Studio 5: Imperfect Theories

Studio brief

Things can lead to theories. They can point to a way of seeing artefacts or objects that is more significant than the thing itself. In the twentieth century the notion that art and architecture speak for themselves was superseded by the idea that theory did the talking. Today, theory is often regarded as an autonomous discipline or even as a form of practice; artists, architects, designers and filmmakers produce theory-conscious work.

We will be looking at theories which are imperfect because they have materialised and so they have lost their purity or absoluteness; or, at examples of artefacts in which theory is latent, not explicit.

You can examine, critically, any work that can be seen as theory or that presents an interesting relationship with theory; eg conceptual works, hybrids, replicas, forgeries, artefacts that allude to Utopias, function-less architecture, manifestos, etc.

Summer preparation

Over the summer you can:

  • enrol in the British Library
  • have a first look at the readings, films and websites mentioned below and more, according to your own topic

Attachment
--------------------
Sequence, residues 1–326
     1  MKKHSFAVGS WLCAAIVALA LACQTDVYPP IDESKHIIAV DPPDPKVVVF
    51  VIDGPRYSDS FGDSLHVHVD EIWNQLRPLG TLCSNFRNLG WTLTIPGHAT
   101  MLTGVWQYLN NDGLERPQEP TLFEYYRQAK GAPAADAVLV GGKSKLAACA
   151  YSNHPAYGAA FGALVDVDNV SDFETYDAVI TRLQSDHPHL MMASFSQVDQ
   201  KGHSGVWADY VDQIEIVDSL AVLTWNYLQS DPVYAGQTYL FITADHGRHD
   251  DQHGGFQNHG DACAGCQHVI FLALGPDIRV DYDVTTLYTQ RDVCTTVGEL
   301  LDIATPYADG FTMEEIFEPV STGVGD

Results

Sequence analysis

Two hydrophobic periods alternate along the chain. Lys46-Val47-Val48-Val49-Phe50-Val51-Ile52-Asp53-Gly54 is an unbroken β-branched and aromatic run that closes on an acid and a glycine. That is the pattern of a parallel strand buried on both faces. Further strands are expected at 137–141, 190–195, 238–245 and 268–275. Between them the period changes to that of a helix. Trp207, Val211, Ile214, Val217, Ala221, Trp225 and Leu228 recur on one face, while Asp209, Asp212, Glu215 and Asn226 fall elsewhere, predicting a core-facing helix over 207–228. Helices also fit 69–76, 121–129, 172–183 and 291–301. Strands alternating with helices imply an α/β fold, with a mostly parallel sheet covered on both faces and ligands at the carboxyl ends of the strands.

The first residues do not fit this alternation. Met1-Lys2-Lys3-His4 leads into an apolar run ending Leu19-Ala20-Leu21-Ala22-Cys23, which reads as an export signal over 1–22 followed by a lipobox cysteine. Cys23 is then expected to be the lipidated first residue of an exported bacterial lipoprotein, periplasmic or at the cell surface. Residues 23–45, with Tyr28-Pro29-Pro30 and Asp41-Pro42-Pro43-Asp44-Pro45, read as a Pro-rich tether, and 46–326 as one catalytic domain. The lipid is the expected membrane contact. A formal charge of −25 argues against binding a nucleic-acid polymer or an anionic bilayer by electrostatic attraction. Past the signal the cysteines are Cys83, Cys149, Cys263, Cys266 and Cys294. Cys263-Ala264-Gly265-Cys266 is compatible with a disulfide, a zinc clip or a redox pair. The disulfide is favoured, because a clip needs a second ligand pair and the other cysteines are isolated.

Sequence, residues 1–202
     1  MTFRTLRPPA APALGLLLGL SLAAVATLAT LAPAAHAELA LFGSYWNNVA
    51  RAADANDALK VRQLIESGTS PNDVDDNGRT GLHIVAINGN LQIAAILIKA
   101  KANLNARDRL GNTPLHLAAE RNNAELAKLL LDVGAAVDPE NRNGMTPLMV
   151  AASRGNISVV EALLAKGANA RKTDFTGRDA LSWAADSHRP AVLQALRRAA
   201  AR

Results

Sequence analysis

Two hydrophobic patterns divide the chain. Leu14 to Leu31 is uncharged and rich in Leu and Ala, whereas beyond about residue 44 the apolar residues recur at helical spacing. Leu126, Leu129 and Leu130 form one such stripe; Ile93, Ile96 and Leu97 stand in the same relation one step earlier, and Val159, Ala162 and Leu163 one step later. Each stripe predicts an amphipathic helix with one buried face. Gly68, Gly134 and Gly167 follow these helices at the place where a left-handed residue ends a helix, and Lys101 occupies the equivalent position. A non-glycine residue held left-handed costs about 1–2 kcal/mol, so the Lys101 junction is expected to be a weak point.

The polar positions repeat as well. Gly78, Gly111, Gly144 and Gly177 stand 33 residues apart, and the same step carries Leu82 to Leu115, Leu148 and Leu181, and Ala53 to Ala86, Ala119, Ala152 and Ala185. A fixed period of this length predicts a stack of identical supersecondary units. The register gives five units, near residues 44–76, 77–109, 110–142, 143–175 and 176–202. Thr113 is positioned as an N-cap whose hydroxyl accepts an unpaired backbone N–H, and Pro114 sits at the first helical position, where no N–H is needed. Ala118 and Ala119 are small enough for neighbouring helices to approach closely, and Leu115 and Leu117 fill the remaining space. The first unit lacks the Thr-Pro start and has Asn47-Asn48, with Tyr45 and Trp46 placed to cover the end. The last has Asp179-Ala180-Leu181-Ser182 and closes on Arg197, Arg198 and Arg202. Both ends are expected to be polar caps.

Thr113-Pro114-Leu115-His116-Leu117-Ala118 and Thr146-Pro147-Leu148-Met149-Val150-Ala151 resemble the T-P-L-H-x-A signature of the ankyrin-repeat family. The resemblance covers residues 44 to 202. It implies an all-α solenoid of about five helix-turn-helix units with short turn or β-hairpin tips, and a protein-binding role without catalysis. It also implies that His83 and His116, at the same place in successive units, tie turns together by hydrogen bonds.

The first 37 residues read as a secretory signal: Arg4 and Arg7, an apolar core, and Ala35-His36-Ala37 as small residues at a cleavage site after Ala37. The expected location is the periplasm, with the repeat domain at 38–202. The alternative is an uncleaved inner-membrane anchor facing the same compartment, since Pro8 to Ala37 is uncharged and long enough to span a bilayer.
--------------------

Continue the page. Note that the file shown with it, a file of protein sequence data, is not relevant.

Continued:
• visit some exhibitions for inspiration
  • identify two to three potential topics; identify the theoretical qualities in each of these topics and write a short paragraph for each, which describes them – how do these ideas transcend the objects/artefacts and point towards something bigger?

Outline of the first seven weeks of study and reading list

  1. Consciousness and the ephemeral: We visit this year’s Serpentine Pavilion by Francis Kéré, we read the poem Thirteen Ways of Looking at a Blackbird (1917) by Wallace Stevens and the essay The Knocking on the Gate in Macbeth (1823) by Thomas de Quincy and we discuss your topics. (Due: 200 words about your topic)
  2. Thesis and originality: We watch F For Fake (1975) by Orson Welles and/or The Century of the Self (2002) by Adam Curtis and we look at the Wikipedia entries ‘Originality’ and ‘No original research’. We discuss tradition, originality and referencing in the work of art and in dissertations. (Due: Bibliography relevant to your dissertation)
  3. Medium and representation: We visit the Victoria and Albert Museum (V&A), we read TS Eliot’s poem The Waste Land (1922) and we look at Museum Photographs (1993) by Thomas Struth. We discuss changing contexts, the effect of time on artefacts, the medium of your chosen subject and how it relates to the medium of the dissertation. (Due: advanced outline and literature review)
  4. Pin up/presentations (Due: 5 images, 5 minutes talk by each student)

Weeks 5-7: working in reading groups and with the tutor.


Image: Floor Mosaics in the Church of Santa Maria and San Donato, Murano, Italy, c.1140; arrangements which evoke cosmic systems but are averse to theory as we understand it today.

Floor Mosaics in the Church of Sta Maria and San Donato


Tutor Ektoras Arkomanis

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